With these new technologies in place, CBP no longer needs to collect Form I-94 information as a matter of course directly from the passengers. CBP will create an electronic Form I-94 based on the information in its databases. Following 9/11, CBP implemented the Advance Passenger Information System (APIS) which collects information on aliens traveling by air or sea to the United States electronically from carriers before arrival. CBP also now uses the Arrival and Departure Information System (ADIS), which draws information from APIS, to document an alien's arrival and departure electronically. Because CBP does not currently collect advance travel information from aliens arriving by land, this automation will not apply to land ports of entry at this time. Visa information has long been made available to CBP by the Department of State via the Consular Consolidated Database (CCD). Thus, CBP obtains almost all of the information contained on the paper Form I-94 electronically and in advance. It is essential, therefore, to complete consistently and correctly all biographical information at the time of making travel plans.
How will an individual access his I-94?
In order to make this a seamless transition, CBP is making the electronic Form I-94 available to aliens through a web site: www.cbp.gov/I94 which will be activated at the end of April. To access the Form I-94 through the web site, the traveler will need to input information from his passport; a third party without access to the traveler's passport will not be able to access the Form I-94 from the web site. If needed, aliens may print out a copy of the Form I-94 from the web site and present it to third parties. The printout from the web site will be the functional equivalent of the departure portion of the paper form with the same information as the departure portion of the paper form.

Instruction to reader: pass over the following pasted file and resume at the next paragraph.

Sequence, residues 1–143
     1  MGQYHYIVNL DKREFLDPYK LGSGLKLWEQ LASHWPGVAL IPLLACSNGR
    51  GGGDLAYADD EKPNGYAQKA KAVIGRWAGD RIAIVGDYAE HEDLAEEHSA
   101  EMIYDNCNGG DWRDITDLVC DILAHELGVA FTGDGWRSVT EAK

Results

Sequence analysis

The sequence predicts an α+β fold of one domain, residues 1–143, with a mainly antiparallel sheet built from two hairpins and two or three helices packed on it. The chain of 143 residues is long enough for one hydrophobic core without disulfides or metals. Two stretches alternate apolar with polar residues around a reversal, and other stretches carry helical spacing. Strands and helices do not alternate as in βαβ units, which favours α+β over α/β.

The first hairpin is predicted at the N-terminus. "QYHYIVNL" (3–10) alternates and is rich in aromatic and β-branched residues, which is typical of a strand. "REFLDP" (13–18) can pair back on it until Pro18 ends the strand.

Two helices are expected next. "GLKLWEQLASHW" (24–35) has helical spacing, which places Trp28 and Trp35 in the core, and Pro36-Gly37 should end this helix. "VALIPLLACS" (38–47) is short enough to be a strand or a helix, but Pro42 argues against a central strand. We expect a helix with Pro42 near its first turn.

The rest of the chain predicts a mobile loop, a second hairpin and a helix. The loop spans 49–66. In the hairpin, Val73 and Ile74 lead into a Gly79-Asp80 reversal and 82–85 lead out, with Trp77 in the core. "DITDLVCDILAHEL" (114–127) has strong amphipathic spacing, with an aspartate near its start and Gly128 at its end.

CBP will continue to stamp the traveler's passport at the time of inspection and admission or parole and will annotate the stamp with the class and duration of admission or parole. Individuals who go through secondary inspection, such as asylees, refugees, and parolees, will be provided a paper copy of Form I-94 by a CBP officer.
What are the Concerns?
Individuals use the Form I-94 for many purposes such as completing employment eligibility verification, Form I-9, applying for immigration benefits, or to present to a university to verify eligibility for enrollment. The Form I-94 is also necessary for confirming employment authorization for employers participating in USCIS's E-Verify program, or verifying immigration status for benefit-granting state and federal government agencies participating in USCIS's Systematic Alien Verification for Entitlements (SAVE) program. The Form I-94 is also used by the Social Security Administration (SSA), state agencies, such as Departments of Motor Vehicles (DMV), and public assistance agencies and organizations, to verify eligibility for benefits.